A strong majority of North Dakotans believe "people should take personal responsibility for social distancing without government involvement."
A stronger majority say "stay-at-home" orders should be implemented by the federal, state or local governments where they live.
Contradictory? Unequivocally. Welcome to North Dakota politics. And, perhaps more charitably, welcome to a confusing, scary time in history we're all trying to navigate without much of a road map.
A poll conducted in North Dakota by Montana State University found nearly 58% of respondents believe individuals, not the government, should be responsible for social distancing to curb the spread of the coronavirus. That's not surprising, considering North Dakotans' self-proclaimed and sometimes actual belief in small government and the power of individualism.
At the same time, though, state residents believe by a heavier margin that the federal, state or local government in their area should implement stay-at-home orders due to the coronavirus. The poll found almost 67% think the feds should issue stay-at-home orders, compared to 65% who want the state and 63% who want their local government to do the same.
The poll was part of a larger Western states survey conducted by Montana State University in Bozeman.
One small problem: The poll was conducted from April 10-25. That is far too broad of a time period. What somebody believed about the virus on April 10 might've shifted dramatically by April 25, given the lightning speed at which things are changing during the pandemic.
The poll offers interesting insight into the thinking of North Dakotans, who've become staunchly more politically conservative in the past two decades. There have always been contradictions in the way the state views itself as opposed to how it operates in reality, but perhaps that's not unique to North Dakota.
For example, North Dakota has increasingly bellowed about wanting the federal government to keep its mitts out of the state, yet continues to take in far more dollars from Washington, D.C., than it pays in federal taxes. Republicans in the state say they are strongly opposed to socialism, yet tout the success of the obviously socialist state bank and mill. They hammer welfare, yet support handouts for farmers damaged by President Donald Trump's policies (and also overwhelmingly support assistance for individuals and small businesses financially hurt by the pandemic, according to the poll).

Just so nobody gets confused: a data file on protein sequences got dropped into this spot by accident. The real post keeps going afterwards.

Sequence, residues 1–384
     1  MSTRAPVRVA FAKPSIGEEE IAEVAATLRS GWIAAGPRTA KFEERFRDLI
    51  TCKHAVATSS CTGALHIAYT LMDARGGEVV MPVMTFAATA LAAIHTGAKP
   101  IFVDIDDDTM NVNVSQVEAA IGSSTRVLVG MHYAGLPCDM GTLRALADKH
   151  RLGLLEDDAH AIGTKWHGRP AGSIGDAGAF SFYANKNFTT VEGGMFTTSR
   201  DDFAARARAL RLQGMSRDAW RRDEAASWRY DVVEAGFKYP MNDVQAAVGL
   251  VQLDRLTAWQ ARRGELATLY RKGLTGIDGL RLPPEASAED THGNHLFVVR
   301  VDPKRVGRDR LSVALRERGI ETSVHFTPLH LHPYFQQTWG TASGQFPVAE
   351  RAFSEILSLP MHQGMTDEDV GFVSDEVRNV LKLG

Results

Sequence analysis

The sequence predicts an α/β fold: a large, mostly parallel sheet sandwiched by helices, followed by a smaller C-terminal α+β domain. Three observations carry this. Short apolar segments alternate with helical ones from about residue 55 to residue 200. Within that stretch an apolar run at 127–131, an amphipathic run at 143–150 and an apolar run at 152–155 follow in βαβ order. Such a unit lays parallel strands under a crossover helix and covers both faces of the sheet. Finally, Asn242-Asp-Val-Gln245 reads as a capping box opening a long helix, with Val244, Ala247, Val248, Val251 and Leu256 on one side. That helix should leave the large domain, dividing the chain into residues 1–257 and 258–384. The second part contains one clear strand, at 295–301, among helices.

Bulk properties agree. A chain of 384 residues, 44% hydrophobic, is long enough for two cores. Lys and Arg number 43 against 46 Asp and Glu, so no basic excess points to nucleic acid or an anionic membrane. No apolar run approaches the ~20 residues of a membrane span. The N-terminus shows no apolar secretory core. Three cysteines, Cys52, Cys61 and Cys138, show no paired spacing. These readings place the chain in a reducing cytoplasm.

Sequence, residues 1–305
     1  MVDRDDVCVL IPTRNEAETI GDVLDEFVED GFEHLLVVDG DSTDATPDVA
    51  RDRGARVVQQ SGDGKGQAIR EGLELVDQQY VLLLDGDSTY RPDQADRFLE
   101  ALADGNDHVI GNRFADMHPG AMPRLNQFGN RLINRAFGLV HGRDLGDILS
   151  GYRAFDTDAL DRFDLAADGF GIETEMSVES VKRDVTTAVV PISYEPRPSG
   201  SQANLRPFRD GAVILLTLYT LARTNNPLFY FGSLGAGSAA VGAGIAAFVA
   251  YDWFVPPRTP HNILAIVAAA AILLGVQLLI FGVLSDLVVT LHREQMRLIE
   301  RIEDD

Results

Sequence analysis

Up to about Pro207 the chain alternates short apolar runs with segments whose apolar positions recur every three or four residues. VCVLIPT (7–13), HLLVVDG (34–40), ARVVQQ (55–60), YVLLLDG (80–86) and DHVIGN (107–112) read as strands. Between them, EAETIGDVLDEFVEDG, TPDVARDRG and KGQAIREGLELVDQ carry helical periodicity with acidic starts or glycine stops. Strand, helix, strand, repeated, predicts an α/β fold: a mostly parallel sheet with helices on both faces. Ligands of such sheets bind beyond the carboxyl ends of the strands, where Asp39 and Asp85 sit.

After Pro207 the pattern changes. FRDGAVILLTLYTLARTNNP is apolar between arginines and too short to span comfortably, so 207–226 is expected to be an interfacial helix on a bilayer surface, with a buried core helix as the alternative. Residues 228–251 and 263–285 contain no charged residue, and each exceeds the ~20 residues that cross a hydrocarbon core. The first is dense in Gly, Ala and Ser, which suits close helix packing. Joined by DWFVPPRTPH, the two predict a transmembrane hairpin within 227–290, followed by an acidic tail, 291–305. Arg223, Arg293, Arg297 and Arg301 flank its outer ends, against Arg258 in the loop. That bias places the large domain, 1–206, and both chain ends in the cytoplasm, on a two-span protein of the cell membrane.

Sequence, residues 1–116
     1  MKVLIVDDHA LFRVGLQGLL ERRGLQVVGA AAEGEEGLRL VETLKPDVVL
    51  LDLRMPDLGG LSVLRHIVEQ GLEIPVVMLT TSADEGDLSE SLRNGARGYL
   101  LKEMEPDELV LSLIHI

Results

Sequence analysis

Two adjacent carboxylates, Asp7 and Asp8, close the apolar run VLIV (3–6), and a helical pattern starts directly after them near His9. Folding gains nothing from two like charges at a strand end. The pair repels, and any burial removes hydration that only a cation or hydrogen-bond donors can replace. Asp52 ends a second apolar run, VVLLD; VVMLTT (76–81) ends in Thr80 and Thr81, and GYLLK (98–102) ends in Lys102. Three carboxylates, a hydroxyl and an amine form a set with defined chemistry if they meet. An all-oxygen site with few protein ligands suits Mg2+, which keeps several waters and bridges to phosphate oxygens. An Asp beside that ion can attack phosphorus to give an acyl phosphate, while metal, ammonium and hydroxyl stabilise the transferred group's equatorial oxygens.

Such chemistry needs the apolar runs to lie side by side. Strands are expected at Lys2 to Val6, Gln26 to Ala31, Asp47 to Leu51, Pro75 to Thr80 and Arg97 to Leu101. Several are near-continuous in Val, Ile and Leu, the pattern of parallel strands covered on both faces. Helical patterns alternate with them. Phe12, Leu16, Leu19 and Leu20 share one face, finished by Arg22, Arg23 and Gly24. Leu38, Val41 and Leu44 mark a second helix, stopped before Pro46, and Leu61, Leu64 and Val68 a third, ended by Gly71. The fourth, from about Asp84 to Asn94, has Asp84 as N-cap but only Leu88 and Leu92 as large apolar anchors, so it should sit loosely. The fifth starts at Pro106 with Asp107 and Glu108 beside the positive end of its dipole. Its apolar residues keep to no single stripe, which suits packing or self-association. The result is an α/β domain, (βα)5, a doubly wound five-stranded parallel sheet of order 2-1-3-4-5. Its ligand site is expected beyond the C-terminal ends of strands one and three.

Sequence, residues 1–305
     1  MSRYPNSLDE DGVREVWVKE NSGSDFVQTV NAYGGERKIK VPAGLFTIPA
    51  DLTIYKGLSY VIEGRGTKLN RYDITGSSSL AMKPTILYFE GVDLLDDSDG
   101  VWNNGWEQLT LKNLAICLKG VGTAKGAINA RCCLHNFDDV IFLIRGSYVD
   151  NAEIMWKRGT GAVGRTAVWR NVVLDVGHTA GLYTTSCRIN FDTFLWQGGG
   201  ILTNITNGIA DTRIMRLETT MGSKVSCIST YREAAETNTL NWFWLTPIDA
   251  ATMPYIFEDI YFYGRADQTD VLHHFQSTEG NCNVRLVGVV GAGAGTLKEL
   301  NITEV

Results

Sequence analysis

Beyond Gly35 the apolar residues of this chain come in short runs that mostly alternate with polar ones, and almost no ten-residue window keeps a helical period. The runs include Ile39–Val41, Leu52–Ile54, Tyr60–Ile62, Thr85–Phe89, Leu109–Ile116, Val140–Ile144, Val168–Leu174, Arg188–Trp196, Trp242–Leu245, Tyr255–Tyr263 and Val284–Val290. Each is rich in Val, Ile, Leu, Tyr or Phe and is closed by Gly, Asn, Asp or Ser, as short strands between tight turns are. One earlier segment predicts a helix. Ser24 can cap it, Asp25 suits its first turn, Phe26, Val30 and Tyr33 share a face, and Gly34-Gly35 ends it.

These are not new phenomena nor original observations, so maybe the findings of the MSU poll are nothing more than business as usual. Perhaps North Dakotans buy into the state's "brand" more than they practice it in actuality.
But if the survey numbers are anywhere near accurate, there is something else that needs pointing out.
We tend to hear, see and read about those caterwauling loudest during the pandemic about things like "oppressiveness," "tyranny" and "overreacting." These are talking points heard regularly on the conservative talk shows cluttering North Dakota's radio landscape.
Facebook posts and comments range from headshake-worthy to frightening when those words are tossed about. Newspaper letters to the editor and editorial page columns, including those from contributing conservatives in The Forum, seem heavily tilted toward these viewpoints.
Federal government 7% State government 75% Local government 18%
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Nationwide and state-specific polling, now including two surveys conducted in North Dakota, draw a different picture entirely. A strong majority of Americans believe their governor and local governments are doing a good job reacting to the coronavirus, while their opinion of the response by Trump and the federal government generally falls along partisan lines. A majority of Americans also continue to support the steps we've taken to curb the spread of the virus, although a much slimmer majority of Republicans than Democrats believe that.
Somewhere, there is a disconnect between what we're hearing and what the majority of us actually believe. The voices of the angry and aggrieved, a minority, are washing away everybody else.
Some of this falls on the media, of course, including newspapers. It is exacerbated by talk radio, social media and the Wild West that is the internet.
A poll like the one conducted by MSU, while not perfect and at best a snapshot in time, offers comfort that perhaps most Americans, even in an uber-conservative state like North Dakota, are still trusting of our government and scientists who are doing their best to guide us through this remarkably trying time.